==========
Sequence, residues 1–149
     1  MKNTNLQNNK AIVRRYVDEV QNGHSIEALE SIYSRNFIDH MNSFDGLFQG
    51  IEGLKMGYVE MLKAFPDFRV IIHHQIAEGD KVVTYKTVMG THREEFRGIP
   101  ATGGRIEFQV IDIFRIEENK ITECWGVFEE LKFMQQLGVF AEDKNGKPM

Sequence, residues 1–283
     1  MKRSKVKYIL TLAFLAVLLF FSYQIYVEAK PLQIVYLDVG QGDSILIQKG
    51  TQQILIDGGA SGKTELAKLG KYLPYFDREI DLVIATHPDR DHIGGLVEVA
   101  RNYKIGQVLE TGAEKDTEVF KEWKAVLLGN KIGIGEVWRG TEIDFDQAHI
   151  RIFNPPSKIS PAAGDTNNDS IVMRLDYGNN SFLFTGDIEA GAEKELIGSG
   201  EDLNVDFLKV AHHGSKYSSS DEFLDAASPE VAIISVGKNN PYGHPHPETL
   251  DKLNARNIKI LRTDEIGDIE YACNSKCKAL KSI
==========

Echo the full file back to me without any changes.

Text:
Sequence, residues 1–149
     1  MKNTNLQNNK AIVRRYVDEV QNGHSIEALE SIYSRNFIDH MNSFDGLFQG
    51  IEGLKMGYVE MLKAFPDFRV IIHHQIAEGD KVVTYKTVMG THREEFRGIP
   101  ATGGRIEFQV IDIFRIEENK ITECWGVFEE LKFMQQLGVF AEDKNGKPM

Sequence, residues 1–283
     1  MKRSKVKYIL TLAFLAVLLF FSYQIYVEAK PLQIVYLDVG QGDSILIQKG
    51  TQQILIDGGA SGKTELAKLG KYLPYFDREI DLVIATHPDR DHIGGLVEVA
   101  RNYKIGQVLE TGAEKDTEVF KEWKAVLLGN KIGIGEVWRG TEIDFDQAHI
   151  RIFNPPSKIS PAAGDTNNDS IVMRLDYGNN SFLFTGDIEA GAEKELIGSG
   201  EDLNVDFLKV AHHGSKYSSS DEFLDAASPE VAIISVGKNN PYGHPHPETL
   251  DKLNARNIKI LRTDEIGDIE YACNSKCKAL KSI